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Frank Newman

Chiefs at War

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Chief of War is an action drama set in 18th century Hawaii. The story line is about four warring tribes uniting against a much more powerful colonial invader. Presumably the plot will be along the lines of a heroic chief using super-human qualities to unite the proud and virtuous tribal folk in order to defeat the imperial evil to establish the utopian happily-ever-after Kingdom of Hawaii. It is actually based on some truth in that the Kingdom of Hawaii was formed in the late 18th century. The rest is fiction. The actual history following tribal unification was one of decline until Hawaii was annexed to the United States 100 years later. Needless to say, a sequel is unlikely to feature this aspect of history.  

That aside, Chief of War appears to be a good yarn commercially suited to a woke audience and Harvard university academics.

It has been billed as “the biggest Indigenous series ever made”. There is no question it is a big deal financially, with a production budget of US$340 million for the nine episodes.

The lead actor is Hollywood superstar Jason Momoa, best known for his roles as the titular character in Aquaman and Khal Drogo in Game of Thrones. Big name Kiwi actors include Temuera Morrison and Cliff Curtis.

The movie is of relevance to New Zealand because parts are to be filmed on location here. Filming started in October last year in the Bay of Islands which welcomed the cast and entourage with great celebration and cultural fanfare at a powhiri. Filming is also scheduled to take place in Auckland and was to take place at Kauri Mountain which is on the east coast near Whangarei. The scenery is spectacular, albeit little known and appreciated more by locals than tourists.  

In January this year the Northland Regional Council granted a resource consent for the filming, and construction of the temporary props and buildings was underway. It all came to an abrupt halt a few weeks ago.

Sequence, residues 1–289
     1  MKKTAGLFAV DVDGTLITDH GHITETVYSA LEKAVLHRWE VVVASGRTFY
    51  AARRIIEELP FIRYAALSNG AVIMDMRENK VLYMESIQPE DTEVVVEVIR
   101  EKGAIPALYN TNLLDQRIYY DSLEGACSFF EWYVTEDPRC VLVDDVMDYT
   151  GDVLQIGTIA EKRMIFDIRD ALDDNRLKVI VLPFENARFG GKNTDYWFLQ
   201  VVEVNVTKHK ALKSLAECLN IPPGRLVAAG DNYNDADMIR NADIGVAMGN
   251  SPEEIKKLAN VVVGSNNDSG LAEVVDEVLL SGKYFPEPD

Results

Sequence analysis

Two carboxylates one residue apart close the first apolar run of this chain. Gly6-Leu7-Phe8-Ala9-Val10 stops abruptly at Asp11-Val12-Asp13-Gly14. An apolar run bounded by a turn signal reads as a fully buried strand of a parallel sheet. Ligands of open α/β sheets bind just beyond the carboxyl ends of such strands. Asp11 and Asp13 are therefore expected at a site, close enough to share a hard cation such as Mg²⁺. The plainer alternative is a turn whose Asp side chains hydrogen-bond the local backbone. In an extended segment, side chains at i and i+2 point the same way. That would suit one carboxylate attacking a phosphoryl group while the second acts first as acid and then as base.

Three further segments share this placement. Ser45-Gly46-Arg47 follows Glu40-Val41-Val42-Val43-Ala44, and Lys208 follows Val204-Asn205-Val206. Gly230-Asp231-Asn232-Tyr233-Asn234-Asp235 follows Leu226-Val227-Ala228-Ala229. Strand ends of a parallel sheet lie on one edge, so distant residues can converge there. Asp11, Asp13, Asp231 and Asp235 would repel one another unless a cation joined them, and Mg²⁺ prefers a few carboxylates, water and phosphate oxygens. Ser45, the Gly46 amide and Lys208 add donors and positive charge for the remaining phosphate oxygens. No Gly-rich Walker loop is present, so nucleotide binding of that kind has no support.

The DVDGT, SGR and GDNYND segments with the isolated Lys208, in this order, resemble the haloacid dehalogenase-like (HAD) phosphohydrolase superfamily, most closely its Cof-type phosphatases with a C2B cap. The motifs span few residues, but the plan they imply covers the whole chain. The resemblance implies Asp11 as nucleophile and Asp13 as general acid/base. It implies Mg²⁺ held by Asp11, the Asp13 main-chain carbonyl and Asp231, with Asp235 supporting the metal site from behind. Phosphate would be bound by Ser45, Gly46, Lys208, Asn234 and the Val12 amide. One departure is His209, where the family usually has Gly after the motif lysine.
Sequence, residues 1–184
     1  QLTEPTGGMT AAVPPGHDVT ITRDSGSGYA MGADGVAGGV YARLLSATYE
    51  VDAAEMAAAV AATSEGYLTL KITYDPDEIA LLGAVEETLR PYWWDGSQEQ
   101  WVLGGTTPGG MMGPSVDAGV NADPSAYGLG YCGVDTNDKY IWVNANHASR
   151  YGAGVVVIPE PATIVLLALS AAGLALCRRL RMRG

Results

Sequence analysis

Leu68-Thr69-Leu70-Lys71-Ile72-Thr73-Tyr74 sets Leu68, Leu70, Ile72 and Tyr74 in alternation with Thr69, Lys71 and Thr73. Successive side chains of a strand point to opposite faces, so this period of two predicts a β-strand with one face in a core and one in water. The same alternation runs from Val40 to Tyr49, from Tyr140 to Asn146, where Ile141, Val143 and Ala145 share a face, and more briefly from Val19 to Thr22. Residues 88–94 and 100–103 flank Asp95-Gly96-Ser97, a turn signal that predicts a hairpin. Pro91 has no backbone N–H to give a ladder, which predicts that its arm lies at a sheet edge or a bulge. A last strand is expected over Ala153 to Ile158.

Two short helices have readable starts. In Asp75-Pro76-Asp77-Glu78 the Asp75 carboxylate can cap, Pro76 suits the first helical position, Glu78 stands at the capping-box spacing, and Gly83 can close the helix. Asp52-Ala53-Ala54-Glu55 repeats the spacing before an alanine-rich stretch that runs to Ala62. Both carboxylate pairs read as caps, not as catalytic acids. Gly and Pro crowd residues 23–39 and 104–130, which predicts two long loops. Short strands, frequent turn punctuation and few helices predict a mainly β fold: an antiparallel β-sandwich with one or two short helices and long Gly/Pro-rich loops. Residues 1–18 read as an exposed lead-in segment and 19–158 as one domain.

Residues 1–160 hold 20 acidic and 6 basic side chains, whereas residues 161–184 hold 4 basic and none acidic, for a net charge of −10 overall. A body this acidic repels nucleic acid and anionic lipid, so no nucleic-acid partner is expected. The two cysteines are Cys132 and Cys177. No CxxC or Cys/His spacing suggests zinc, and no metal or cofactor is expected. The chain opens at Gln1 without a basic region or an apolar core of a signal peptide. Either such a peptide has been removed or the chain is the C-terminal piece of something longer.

What the producers of Chief of War had not counted on was the warring tribes of Northland!

The irony of a film plot of indigenous tribes defending themselves against colonial oppressors being chased away by indigenous infighting would have been amusing if it wasn’t for the unfortunate consequences and what it reveals about New Zealand today.

A journalist from the Northern Advocate heard about the real-life drama and got onto the story. Although the key players were not especially forthcoming about the reasons for the sudden turn of events, it was reported to be due to “confusion around consultation between local iwi and hapū groups.”

Details on what that “confusion” has been the hot topic of chitter-chatter by locals. The question on everyone’s mind is whether the disagreement was about money or mana.

What is more certain is that the locals are not happy. 

The Advocate picks up the story:

Canning the shoot is understood to have taken away tens of thousands of dollars from the economy, denying hundreds of Northland extras the chance to appear in a major production and curbing international exposure the district would have received…

According to reports, around 300 extras from the Māori and Pasifika communities, many from the Whangārei area, were to feature…the local community is reeling after the loss of significant revenue and a once-in-a-lifetime experience.

One accommodation provider [said], “It’s a significant thing…A huge loss to the community, and it needs to be talked about.”

They described it as a loss of the positive exposure for the Whangārei District that would have resulted from the filming, also referencing the 300 extras who were set to participate in the filming, many of whom were from the area and would be paid up to $300.

They also said a myriad of hospitality industries will have missed out, including local restaurants and cafes.

Award-winning producer and New Zealand Order of Merit recipient for Services to New Zealand in Technology for Film and Television, Rhonda Kite, (Te Aupōuri, Ngai Tākoto, Ngāti Kuri) said the presence of an international film shoot is a huge economic and social opportunity.

For the last 30 years, Kite has been campaigning hard to get large-scale productions filmed in Te Tai Tokerau.